In any case, while the comparison of technical specifications can provide a useful overview of the capabilities of different cameras, it says little about, for example, the shooting experience and imaging performance of the E-M10 and the ZS100 in practical situations. User reviews, such as those found at amazon, can sometimes inform about these issues, but such feedback is often incomplete, inconsistent, and biased.
This is why hands-on reviews by experts are important. The table below provides a synthesis of the camera assessments of some of the best known photo-gear review sites (cameralabs, dpreview, ephotozine, imaging-resource, and photographyblog). As can be seen, the professional reviewers agree in many cases on the quality of different cameras, but sometimes their assessments diverge, reinforcing the earlier point that a camera decision is often a very personal choice.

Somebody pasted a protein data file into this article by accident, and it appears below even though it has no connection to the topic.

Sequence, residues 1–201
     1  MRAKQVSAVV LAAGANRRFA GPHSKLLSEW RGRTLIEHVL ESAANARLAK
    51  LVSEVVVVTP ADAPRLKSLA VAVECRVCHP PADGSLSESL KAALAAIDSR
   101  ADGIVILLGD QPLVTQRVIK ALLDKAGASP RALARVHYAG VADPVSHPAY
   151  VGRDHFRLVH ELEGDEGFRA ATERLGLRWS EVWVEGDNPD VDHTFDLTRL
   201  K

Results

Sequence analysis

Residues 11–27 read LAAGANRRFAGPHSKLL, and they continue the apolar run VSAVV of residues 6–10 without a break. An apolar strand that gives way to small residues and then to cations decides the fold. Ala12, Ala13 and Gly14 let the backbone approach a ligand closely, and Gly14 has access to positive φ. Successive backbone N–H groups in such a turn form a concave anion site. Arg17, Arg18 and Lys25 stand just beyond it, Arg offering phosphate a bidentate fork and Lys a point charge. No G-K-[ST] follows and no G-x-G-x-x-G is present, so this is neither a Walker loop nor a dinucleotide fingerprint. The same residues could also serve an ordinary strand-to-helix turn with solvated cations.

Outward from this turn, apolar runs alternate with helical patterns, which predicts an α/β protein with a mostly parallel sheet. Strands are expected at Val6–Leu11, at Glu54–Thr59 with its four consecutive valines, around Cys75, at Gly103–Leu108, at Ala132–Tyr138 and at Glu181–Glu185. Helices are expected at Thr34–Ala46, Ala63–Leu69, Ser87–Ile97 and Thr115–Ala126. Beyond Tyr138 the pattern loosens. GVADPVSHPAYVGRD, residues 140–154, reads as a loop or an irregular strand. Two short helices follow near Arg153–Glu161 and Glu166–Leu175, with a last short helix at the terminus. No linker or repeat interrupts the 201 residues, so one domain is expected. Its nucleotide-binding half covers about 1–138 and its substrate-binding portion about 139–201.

|Olympus E-M10||..||80/100||5/5||4.5/5||5/5||Jan 2014||699|
|Panasonic ZS100||+ +||82/100||4.5/5||4/5||4.5/5||Jan 2016||699|
|Olympus E-M10 III||+||80/100||4.5/5||4/5||4.5/5||Aug 2017||649|
|Olympus E-M5 II||+ +||81/100||5/5||4.5/5||5/5||Feb 2015||1,099|
|Olympus E-M10 II||+ +||80/100||5/5||5/5||5/5||Aug 2015||649|
|Olympus E-PL7||+||..||5/5||4.5/5||4/5||Aug 2014||599|
|Olympus E-P5||+ +||78/100||4.5/5||4.5/5||5/5||May 2013||999|
|Olympus E-PL6||..||..||..||..||..||May 2013||599|
|Olympus E-PL5||+ +||..||4.5/5||4.5/5||4.5/5||Sep 2012||599|
|Panasonic ZS200||+ +||81/100||4.5/5||..||4.5/5||Feb 2018||799|
|Panasonic GX80||+ +||82/100||5/5||4.5/5||5/5||Apr 2016||799|